Michaud touts economic plan in Maine

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PORTLAND, Maine (AP) - Continuing his early efforts to win votes, DemocratMike Michaud touted an economic plan Wednesday that calls for investments in renewable energy, college tuition waivers, infrastructure improvements aimed at helping businesses and help for farmers and fishermen to make Maine the “food basket of New England.”

In his first major policy address since announcing his candidacy, Michaud described the economic plan as both bold in scope and realistic in terms of cost.

“We can have economic growth and a clean environment. We can have thriving businesses and well-paid employees. With the right ideas, we can move Maine forward, together,” he said.

The five-term congressman is running against Republican Gov. Paul LePage and independent Eliot Cutler, a three-way race that has shaped up months ahead of primaries and deadlines for independent candidates.

Cutler published a 104-page book last fall outlining his vision of the future of Maine, and both he and Michaud are trying to convince undecided voters that they can beat LePage.

“You definitely want to get out there as early as possible. If you’re Michaud, you want to create the impression that you’re the one, the only one, who can prevent a second term for Paul LePage. Michaud and Cutler both need to do this,” said Mark Brewer, a political science professor at the University of Maine.

During a news conference in Portland, Michaud brushed aside questions of about the expense of his plan, saying the state can afford the cost, estimated at $36 million in the first year. Eliminating tuition for the sophomore year for students at state colleges and universities alone would cost $15 million.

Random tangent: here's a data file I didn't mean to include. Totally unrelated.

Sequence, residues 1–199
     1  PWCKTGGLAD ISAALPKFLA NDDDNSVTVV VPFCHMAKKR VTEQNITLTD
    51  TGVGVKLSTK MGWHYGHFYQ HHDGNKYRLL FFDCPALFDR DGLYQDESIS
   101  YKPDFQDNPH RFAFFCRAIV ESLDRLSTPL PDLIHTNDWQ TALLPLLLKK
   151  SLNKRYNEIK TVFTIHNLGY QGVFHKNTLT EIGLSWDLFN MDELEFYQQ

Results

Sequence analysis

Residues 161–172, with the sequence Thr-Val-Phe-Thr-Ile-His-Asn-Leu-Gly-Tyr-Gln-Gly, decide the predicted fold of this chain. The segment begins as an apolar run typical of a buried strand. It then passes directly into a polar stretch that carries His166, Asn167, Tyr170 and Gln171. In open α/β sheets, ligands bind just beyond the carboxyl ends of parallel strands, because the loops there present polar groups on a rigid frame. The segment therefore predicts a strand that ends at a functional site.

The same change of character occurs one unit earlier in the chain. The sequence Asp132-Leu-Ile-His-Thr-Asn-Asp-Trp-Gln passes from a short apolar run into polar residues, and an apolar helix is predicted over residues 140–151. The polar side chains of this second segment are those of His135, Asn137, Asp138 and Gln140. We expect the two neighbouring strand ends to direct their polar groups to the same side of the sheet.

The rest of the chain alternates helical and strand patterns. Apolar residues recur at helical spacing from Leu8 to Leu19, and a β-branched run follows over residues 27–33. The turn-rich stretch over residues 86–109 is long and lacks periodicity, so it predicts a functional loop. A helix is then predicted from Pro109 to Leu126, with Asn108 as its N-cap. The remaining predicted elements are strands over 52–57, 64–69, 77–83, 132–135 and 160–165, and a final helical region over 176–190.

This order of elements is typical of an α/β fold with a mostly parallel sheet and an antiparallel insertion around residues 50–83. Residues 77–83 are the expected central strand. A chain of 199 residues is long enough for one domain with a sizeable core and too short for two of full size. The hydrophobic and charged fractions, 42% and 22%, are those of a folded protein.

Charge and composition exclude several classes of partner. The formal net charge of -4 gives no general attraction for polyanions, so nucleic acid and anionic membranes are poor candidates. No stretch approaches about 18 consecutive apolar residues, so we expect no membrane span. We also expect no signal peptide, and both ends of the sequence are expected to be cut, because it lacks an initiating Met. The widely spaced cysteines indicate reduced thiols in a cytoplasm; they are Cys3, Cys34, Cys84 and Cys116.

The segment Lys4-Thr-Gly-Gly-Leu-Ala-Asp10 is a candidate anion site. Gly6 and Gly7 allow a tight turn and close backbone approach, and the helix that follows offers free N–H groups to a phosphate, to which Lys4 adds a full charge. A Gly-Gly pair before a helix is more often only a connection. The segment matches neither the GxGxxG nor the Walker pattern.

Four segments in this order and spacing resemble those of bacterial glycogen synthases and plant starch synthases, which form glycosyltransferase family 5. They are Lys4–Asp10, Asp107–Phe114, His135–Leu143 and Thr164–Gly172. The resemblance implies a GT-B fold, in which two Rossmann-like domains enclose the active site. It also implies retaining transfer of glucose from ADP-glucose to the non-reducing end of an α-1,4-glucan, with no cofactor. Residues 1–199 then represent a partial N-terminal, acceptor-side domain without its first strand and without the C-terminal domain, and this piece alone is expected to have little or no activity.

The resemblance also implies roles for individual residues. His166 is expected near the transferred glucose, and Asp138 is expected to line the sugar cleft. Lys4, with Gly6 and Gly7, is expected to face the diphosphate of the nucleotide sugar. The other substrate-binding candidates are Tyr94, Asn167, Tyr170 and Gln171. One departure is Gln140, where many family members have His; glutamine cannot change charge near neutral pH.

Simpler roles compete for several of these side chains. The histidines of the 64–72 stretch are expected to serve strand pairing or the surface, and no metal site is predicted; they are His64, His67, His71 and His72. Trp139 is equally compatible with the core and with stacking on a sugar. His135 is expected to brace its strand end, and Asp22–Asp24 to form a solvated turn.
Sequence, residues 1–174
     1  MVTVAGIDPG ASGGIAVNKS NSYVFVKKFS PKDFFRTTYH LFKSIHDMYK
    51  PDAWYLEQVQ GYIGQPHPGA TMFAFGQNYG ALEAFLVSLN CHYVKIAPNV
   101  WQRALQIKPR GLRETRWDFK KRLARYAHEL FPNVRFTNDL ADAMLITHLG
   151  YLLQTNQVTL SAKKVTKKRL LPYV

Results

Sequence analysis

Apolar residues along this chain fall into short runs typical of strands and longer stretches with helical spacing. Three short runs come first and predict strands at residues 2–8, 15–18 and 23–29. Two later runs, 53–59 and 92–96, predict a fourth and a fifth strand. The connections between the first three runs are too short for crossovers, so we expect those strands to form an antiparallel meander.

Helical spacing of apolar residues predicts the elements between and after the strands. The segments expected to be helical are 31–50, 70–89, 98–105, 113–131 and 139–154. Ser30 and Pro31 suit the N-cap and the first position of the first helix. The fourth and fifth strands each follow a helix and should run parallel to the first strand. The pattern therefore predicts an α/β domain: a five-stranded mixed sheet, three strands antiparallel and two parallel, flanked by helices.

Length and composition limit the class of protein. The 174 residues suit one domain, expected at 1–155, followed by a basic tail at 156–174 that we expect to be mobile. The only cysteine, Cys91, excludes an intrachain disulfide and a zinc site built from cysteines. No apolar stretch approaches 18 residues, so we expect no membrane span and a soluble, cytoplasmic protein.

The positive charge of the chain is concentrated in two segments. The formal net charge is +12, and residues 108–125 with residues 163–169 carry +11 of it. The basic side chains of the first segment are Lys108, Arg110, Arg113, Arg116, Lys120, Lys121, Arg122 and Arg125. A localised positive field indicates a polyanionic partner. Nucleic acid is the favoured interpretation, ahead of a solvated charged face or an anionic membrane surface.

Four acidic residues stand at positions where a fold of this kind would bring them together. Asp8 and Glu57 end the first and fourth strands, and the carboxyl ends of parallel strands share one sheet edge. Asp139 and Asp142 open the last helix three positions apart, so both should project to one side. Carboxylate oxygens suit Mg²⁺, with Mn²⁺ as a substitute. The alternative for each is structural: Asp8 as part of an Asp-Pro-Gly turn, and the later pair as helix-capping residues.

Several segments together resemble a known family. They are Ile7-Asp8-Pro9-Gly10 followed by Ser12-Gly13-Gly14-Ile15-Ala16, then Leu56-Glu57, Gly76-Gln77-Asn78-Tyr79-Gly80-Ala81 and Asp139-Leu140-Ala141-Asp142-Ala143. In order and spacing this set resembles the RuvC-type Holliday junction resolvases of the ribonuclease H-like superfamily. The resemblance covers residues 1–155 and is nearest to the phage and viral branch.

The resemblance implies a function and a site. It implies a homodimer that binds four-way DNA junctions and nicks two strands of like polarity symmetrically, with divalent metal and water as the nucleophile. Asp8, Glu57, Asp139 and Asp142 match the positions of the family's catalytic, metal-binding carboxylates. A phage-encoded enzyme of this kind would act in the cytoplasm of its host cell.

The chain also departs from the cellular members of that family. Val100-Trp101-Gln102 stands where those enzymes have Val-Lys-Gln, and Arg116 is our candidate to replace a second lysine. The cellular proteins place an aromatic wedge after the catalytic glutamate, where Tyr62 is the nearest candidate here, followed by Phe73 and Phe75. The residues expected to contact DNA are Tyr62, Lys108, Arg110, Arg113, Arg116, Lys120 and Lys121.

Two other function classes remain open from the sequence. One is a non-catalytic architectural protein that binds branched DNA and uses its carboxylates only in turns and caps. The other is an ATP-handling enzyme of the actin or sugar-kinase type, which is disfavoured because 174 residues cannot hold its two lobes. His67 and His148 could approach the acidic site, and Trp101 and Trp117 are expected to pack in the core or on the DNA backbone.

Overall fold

Many of his proposals should appeal to Democrats, such as increasing the minimum wage, making the earned income tax credit refundable and expanding Medicaid for 70,000 Mainers under the federal health care law.

His 32-page economic plan focused on six areas: small businesses, the workforce, farms and fisheries, tourism, renewable energy and communities.

LePage wasted no time in firing back.

Campaign spokesman Brent Littlefield said Michaud has never created a private sector job. “Paul LePage has spent most of his lifetime turning around businesses, creating jobs and helping grow Maine’s economy. Having survived homelessness, no one knows more, or cares more about Maine’s working poor and middle class, than Paul LePage,” he said.

Cutler, who said Michaud borrowed from some of the ideas in his proposal, described the Democrat’s proposal as “a typical Washington, D.C., big government, big spending approach with lots of new programs and millions of dollars in new spending.”

Michaud’s decision to get out early with his economic vision dubbed “Maine Made” will help to answer critics who say Michaud is a nice guy who doesn’t have many accomplishments to show for his years in Washington, Brewer said.

Whether his economic plan could be enacted would depend largely upon whether the Maine Legislature remains in Democratic control after the November election.

“We question whether Michaud could implement any of these reforms because he is so beholden to his party, the unions and the corporate special interests who have fueled his political career,” Cutler said.

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